The Passenger: Greece is the first English-language instalment of Europa Editions and Italian publisher Iberborea’s The Passenger series (volumes on Brazil and Turkey scheduled for the autumn). In twelve essays, it aims to tell the story of Greece through “its shifting culture and identity, its public debates, the sensibilities of its people, its burning issues, conflicts, and open wounds”.
The volume is varied in its style and content and draws its contributions – both newly commissioned and previously published – from Greek and non-Greek authors, poets, journalists and academics. The first essay takes us on a walking tour of Athens’s neoclassical architecture and the final essay gives us a poet’s take on Greece’s premier basketball player Giannis Antetokounmpo; in between, we chink the curtain on shipping oligarchies and irregular capital flows in post-crash Greece; gain insight into the Euripidean energy and global success of New Greek cinema; experience the madness of Greek bureaucracy; discover the history of the traditional Greek taverna and traditional Rebetiko music (sometimes described as the “Greek blues”) and confront despair and hope in two powerful pieces on migration. These essays tie together to tell a story that is by turns tragic, comic, infuriating and uplifting as well as being always compelling.
In one impressionistic essay the poet Kostas Koutsourelis presents the contradictions of civic life in Greece in a series of snapshots: “Summertime, Athens, twenty metres below ground. A woman, seriously out of breath and loaded down with shopping bags, is fighting to find room in a packed carriage”. It’s everyone for themselves on the city’s cut-throat metro trains and in its anarchic queues. Except when it isn’t: in dealings with the state, Greeks pull together. People flout the rules to share metro tickets, warn oncoming motorists if the police are ahead, and send out word if the tax inspector is making the rounds. “Nothing is more foreign to Greeks than the notion that they may rely on … the impartiality of the rule of law or the goodwill of an institution, a service, a company.”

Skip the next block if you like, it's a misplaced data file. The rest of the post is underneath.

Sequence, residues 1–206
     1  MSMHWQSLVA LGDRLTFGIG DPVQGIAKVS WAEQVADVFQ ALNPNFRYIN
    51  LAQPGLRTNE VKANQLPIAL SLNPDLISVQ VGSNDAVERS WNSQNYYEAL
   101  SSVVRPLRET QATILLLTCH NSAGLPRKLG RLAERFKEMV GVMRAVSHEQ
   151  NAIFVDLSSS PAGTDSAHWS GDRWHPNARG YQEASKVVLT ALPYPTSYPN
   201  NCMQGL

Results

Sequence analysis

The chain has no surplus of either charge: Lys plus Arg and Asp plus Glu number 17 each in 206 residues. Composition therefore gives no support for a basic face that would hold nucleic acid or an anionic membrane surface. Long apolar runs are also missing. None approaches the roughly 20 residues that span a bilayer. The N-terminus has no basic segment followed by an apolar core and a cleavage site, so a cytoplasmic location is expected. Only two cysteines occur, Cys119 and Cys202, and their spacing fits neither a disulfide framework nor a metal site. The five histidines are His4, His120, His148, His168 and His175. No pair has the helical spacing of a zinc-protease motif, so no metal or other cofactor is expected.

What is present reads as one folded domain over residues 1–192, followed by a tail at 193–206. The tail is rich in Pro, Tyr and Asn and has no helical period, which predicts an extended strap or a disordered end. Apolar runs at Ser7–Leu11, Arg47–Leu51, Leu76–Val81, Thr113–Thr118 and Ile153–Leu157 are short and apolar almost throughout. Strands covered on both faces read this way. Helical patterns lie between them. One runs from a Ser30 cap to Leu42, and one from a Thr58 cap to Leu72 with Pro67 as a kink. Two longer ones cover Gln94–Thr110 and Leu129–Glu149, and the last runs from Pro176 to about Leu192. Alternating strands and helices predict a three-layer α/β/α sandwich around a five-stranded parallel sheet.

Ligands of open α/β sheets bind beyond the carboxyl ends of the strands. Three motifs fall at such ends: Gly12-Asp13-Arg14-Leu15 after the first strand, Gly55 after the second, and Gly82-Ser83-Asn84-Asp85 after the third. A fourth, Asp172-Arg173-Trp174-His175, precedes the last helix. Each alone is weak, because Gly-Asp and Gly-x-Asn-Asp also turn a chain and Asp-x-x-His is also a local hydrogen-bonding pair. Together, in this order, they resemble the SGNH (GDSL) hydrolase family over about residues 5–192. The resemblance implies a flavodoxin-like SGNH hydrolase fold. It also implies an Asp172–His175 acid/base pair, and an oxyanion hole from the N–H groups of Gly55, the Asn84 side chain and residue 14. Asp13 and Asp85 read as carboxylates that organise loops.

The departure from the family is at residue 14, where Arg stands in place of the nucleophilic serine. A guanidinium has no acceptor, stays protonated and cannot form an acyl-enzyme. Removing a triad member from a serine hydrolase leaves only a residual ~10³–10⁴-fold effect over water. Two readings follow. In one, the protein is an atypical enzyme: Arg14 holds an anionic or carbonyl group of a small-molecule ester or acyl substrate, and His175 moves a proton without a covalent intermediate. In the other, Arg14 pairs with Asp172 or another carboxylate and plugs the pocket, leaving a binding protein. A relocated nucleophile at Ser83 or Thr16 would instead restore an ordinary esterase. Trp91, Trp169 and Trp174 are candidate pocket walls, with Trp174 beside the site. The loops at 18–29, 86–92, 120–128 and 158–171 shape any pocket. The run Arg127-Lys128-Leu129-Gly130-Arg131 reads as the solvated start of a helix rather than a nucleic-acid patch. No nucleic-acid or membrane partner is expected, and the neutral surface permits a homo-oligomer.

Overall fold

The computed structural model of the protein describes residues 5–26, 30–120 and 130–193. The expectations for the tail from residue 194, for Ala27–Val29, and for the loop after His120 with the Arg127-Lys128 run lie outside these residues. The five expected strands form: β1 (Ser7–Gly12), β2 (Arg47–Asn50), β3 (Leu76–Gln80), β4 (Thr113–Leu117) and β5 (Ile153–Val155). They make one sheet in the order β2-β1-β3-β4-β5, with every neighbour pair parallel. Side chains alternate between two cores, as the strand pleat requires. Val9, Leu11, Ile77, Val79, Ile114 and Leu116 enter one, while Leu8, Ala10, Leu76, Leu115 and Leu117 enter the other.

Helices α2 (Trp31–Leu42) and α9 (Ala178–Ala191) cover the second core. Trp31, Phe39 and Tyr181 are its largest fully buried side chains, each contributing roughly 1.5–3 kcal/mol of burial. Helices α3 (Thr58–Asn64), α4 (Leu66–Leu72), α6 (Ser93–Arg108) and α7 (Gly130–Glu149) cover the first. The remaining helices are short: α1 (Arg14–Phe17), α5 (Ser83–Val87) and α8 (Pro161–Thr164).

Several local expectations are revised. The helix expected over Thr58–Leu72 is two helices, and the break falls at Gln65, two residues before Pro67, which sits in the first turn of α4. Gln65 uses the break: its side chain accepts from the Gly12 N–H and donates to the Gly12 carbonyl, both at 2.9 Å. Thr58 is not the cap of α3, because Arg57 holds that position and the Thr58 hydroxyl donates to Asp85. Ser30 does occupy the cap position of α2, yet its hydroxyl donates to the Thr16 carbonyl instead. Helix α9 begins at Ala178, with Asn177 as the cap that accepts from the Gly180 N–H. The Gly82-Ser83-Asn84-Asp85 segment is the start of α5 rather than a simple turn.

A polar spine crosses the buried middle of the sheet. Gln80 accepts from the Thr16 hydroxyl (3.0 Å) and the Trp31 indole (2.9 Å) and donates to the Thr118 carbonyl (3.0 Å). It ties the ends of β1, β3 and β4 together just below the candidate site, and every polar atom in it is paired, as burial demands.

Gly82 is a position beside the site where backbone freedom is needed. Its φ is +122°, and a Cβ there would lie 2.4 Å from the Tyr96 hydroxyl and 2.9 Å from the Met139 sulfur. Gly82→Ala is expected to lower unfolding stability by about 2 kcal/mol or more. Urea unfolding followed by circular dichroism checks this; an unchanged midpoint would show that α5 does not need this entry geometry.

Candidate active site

In a profile of Thessaloniki’s septuagenarian mayor, the journalist James Angelos introduces us to Yiannis Boutaris, who has a lizard tattooed on his hand, a gold stud in his ear and an unfiltered cigarette between his lips. In two terms between 2011 and 2019, Boutaris revived Thessaloniki’s finances by promoting the city’s Ottoman and Jewish history to attract Turkish and Israeli tourists at the expense of a “monolithic, ossified brand of Greek nationalism that has long concealed evidence of past pluralism”. He was physically attacked in broad daylight by ultra-nationalists for his trouble.
On the Aegean island of Ikaria, we visit one of five world “Blue Zones” (places identified by the Blue Zones project as having the highest concentration of centenarians). Ikarians tell you the year they were born instead of their age. We sit with Gregoris (1919) as he puffs through his daily pack of cigarettes and Karnava (1916) as she pours out glasses of Coca-Cola. Who’s closer to discovering the elixir of long life: the clean-living gurus of the Blue Zones project or the chain-smoking, Cola-swilling centenarians of Ikaria?
The Passenger: Greece is, what’s more, a beautiful book: its thick pages are the tone and texture of marble and incorporate numerous colour photographs, illustrations and miscellanea (including reading lists, film recommendations and a playlist) that help give the inside story of contemporary Greece.